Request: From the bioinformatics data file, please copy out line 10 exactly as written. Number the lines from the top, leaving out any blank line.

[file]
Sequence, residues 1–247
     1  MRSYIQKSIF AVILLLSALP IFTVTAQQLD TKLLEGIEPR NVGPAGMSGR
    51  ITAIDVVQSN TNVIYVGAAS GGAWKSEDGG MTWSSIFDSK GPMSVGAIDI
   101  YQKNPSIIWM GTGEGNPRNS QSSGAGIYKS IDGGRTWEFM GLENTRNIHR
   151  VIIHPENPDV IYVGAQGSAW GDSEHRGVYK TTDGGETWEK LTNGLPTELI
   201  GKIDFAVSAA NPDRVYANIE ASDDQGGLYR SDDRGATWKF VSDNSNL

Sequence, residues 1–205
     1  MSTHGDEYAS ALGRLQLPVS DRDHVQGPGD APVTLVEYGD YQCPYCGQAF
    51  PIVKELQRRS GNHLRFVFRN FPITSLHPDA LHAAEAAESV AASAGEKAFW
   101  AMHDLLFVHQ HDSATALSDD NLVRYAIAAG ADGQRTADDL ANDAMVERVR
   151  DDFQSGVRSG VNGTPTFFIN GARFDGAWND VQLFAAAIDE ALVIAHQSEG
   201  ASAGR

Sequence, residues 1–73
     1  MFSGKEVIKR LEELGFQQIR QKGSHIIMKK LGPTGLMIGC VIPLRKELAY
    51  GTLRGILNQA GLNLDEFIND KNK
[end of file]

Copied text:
   101  AMHDLLFVHQ HDSATALSDD NLVRYAIAAG ADGQRTADDL ANDAMVERVR